Don’t despair over kids who sit in their basements and play video games for hours on end — they could one day save your life. The Huffington Post reports that “scientists at University of Texas Medical Branch at Galveston pitted high school sophomore gamers, college gamers, and medical residents against each other to see which group would perform better using virtual surgery tools.” The results were clear: the high school gamers performed better virtual surgery than the medical residents.
Of course, performing well in “virtual” surgery is much different from performing well in actual surgery, so you probably shouldn’t try to save money by asking your neighbor’s couch potato kid to remove your appendix anytime soon.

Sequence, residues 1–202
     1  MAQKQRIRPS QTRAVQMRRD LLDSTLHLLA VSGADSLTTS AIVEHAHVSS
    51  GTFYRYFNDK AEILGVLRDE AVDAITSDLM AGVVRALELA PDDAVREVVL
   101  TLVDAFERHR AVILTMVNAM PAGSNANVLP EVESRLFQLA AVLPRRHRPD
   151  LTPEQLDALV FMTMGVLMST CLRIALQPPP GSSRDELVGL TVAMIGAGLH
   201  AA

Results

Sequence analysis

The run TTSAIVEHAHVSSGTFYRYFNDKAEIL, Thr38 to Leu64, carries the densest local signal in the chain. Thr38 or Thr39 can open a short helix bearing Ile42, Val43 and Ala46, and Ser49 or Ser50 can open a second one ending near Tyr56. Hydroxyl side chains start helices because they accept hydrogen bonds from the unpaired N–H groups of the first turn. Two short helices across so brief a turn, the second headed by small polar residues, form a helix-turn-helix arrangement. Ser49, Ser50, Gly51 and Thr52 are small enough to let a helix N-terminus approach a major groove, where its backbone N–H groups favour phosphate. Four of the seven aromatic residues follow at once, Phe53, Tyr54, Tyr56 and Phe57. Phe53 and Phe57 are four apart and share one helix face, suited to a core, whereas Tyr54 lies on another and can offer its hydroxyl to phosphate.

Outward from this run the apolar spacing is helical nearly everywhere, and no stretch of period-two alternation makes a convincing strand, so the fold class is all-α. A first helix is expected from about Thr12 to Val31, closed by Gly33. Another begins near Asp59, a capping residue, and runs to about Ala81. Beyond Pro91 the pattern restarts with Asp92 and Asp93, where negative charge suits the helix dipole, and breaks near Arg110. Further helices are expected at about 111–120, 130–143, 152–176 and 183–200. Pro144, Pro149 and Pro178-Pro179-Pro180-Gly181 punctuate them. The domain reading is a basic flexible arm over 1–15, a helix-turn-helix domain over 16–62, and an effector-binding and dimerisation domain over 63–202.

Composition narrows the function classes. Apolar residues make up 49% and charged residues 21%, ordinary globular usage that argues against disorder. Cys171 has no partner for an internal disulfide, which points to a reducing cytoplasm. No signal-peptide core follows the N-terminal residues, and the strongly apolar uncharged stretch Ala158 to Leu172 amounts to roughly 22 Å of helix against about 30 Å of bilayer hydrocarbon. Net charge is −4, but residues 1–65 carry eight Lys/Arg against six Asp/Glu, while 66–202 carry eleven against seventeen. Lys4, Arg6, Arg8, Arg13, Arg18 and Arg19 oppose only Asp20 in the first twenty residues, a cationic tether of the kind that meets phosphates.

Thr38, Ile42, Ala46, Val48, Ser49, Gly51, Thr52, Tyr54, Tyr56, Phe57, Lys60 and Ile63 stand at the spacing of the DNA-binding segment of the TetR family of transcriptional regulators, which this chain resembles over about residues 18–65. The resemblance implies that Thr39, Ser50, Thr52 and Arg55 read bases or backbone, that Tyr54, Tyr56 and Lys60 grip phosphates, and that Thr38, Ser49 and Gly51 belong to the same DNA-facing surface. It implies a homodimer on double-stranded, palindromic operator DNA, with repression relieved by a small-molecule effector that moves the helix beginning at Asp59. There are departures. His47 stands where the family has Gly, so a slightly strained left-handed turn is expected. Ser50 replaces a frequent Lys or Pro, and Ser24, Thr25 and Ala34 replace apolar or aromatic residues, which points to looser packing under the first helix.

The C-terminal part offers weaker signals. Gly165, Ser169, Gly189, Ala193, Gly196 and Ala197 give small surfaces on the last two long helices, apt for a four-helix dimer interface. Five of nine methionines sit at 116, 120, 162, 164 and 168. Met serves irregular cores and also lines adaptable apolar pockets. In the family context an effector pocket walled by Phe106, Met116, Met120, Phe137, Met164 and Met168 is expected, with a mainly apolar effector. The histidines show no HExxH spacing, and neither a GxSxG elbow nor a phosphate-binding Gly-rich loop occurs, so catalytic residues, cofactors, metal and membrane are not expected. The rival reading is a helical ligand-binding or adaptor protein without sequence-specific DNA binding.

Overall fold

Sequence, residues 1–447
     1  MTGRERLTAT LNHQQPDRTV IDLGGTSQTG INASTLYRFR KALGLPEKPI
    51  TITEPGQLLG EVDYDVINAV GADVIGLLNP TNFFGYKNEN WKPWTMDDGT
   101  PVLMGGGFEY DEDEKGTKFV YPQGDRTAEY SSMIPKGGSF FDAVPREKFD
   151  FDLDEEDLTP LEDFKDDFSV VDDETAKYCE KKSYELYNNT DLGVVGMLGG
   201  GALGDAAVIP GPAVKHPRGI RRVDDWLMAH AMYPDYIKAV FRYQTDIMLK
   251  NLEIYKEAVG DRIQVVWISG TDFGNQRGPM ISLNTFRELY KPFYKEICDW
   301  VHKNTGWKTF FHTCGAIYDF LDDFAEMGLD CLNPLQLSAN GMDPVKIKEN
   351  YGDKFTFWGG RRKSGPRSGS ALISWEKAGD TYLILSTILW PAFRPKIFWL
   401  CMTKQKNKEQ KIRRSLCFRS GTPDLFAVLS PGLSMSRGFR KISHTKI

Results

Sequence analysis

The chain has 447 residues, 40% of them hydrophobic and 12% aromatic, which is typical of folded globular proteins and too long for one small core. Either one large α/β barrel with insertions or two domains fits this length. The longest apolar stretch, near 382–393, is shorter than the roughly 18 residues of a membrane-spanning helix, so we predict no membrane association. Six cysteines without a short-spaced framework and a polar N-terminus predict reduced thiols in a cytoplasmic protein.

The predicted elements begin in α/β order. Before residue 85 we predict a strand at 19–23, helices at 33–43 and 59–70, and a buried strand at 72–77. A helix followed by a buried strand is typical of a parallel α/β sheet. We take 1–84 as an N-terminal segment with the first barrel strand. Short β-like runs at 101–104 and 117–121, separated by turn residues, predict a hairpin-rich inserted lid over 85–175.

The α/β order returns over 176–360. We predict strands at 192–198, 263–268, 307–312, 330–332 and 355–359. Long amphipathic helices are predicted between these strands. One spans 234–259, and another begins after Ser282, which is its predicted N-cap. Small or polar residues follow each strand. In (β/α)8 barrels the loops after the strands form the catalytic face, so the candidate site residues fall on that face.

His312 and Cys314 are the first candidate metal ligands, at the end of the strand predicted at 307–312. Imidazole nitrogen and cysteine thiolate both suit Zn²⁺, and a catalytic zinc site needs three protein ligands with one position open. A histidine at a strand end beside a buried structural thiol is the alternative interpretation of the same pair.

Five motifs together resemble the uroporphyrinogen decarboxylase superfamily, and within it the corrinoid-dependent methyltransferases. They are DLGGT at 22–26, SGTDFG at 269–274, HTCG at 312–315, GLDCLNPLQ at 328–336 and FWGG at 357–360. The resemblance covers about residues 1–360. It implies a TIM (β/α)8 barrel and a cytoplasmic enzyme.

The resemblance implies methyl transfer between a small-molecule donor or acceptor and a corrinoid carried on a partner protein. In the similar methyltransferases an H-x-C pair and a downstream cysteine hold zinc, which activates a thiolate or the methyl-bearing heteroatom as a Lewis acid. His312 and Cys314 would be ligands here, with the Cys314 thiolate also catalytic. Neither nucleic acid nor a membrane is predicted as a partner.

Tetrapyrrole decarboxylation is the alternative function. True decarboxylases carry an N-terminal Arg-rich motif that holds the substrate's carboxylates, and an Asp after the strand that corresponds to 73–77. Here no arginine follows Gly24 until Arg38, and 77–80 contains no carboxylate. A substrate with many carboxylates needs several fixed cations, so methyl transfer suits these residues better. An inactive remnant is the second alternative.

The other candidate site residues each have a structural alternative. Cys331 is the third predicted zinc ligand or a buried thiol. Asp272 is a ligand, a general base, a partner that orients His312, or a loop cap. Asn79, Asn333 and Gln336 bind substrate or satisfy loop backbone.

All the same, the Huffington Post says that the study “measured skills in 32 categories, including hand-eye coordination, pressure on the controls, and time,” so it seems that playing games does give people practice in useful skills that could help them one day if they choose to become medical professionals.
A video outlining UTMB’s experiment is posted below.